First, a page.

More migrants arrived across the Channel during August than in the whole of 2020.

Final figures for the month showed 8,644 people reached Britain in small boats from northern France, compared with 8,410 in the whole of 2020.

It follows a surge which saw numbers rise to 28,526 last year, and further rises so far this year.

August was the busiest month on record, smashing the previous monthly high of 6,869 set last November.

So far this year, 25,043 migrants have reached the UK by small boat, just over double the number seen at the same point last year.

This summer’s huge increase has been driven by large numbers of Albanian migrants making the treacherous journey aboard sub-standard dinghies and rigid inflatables.

Home Office officials have said more than 6,000 Albanians have arrived so far this year, compared with less than 900 in the previous three years combined.

The finalised arrivals figures for August differ slightly from figures published at the weekend following amendments by the Ministry of Defence, which took overall command of UK Channel operations earlier this year.

Questioned on how many prosecutions were ongoing for people smuggling, Mr Rivers said: ‘The NCA is involved in approximately 60 investigations at this time. Some are ready to be taken to court. Some are just starting.’

Ms Wilson added that reports of an increase in arrivals of Albanians on boats crossing the Channel was accurate, and whether or not they are involved in organised crime is ‘part of the assessment process’.

It comes as figures for August showed 8,644 people reached Britain in small boats from France, compared with 8,410 in the whole of 2020. It follows a surge which saw numbers rise to 28,526 last year, and further rises so far this year.

August was the busiest month on record, smashing the previous monthly high of 6,869 set last November. So far this year, 25,043 migrants have reached the UK by small boat, just over double the number seen at the same point last year.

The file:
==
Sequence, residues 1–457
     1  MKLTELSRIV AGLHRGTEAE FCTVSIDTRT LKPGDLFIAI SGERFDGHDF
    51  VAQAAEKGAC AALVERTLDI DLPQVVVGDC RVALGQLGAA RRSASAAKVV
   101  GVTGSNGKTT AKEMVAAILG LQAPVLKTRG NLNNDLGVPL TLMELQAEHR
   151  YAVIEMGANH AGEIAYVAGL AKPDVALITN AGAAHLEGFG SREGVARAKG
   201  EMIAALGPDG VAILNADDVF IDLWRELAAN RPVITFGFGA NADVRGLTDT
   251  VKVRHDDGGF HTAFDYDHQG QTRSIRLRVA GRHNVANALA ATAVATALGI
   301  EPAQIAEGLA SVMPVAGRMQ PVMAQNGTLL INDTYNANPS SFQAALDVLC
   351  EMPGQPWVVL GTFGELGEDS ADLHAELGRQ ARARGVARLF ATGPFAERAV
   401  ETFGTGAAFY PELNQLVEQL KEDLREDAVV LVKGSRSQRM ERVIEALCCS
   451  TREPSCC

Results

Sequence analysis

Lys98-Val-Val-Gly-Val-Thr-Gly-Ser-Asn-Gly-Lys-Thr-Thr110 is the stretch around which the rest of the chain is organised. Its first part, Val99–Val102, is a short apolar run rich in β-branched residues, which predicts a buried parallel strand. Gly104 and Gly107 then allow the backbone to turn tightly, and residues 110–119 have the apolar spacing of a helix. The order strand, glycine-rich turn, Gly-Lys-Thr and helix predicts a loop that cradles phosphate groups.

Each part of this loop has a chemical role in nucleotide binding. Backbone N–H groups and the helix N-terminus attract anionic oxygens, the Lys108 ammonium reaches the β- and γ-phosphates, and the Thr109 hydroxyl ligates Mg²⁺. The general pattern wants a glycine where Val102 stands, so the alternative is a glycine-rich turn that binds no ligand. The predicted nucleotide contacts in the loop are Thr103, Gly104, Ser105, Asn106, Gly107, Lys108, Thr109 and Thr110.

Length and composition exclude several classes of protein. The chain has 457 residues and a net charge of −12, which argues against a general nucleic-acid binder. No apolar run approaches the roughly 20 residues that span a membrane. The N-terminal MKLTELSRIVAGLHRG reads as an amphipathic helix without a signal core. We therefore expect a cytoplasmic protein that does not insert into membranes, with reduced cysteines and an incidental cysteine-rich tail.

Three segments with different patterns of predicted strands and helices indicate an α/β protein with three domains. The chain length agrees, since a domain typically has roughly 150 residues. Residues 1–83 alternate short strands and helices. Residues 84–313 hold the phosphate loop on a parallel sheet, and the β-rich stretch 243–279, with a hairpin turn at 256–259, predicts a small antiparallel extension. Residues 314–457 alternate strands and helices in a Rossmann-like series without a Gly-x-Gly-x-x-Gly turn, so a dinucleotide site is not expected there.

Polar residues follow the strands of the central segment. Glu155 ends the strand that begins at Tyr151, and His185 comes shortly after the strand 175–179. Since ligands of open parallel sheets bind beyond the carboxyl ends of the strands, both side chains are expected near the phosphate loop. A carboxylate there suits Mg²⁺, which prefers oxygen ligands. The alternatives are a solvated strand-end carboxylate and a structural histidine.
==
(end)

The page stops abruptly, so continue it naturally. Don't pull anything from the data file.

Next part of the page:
Home Secretary Priti Patel is set to finalise details of a new deal with the Albanian government which will be designed to ‘fast-track’ the removal of their nationals back to Tirana.

Following talks in London on Tuesday, Miss Patel vowed: ‘Albanian nationals are brought here illegally by organised criminal networks travelling through EU countries. 

‘They are asylum shopping – making attempts to claim asylum in the hope they can remain here and disappear into the criminal underworld fuelled by Albanian gangs. We will bring this to an end.’

Albanian officials are believed to have yesterday toured Dover docks and other locations used by the Home Office to process Channel arrivals.

In liaison with the Home Office, they are understood to be working on details of how to implement a plan to send Albanian migrants home ‘within days’.

It will include cross-checking fingerprints and other biometrics with Albanian police databases.

Miss Patel’s deal with Rwanda, which will see ‘irregular’ migrants from Britain handed a one-way ticket to the east African nation to claim asylum there instead of in the UK, remains in legal limbo.

The first attempt at sending migrants to Rwanda was blocked at the 11th-hour by the European Court of Human Rights on June 14.

The Home Office faces a legal challenge in the High Court next week over the legality of the policy.

Migrants board a coach after being brought into Dungeness in Kent on board an RNLI lifeboat on Saturday

Migrants board a coach after being brought into Dungeness in Kent on board an RNLI lifeboat on Saturday

Border Force workers escort migrants ashore at the Port of Dover in Kent on Saturday after they crossed the English Channel

Border Force workers escort migrants ashore at the Port of Dover in Kent on Saturday after they crossed the English Channel

Pro-migrant charities and a trade union which represents the majority of Border Force staff have secured a judicial review of the Rwanda agreement, beginning on Monday.

It is due to last all week, with a separate hearing scheduled for October.

The legal delays mean that even if the Home Office is successful in court, a renewed attempt at Rwanda flights is unlikely to be possible until November.

The finalised arrivals figures for August differ slightly from figures published at the weekend following amendments by the Ministry of Defence, which took overall command of UK Channel operations earlier this year.

There have been no crossings since Saturday, when 915 arrived, due to choppy conditions in the Channel.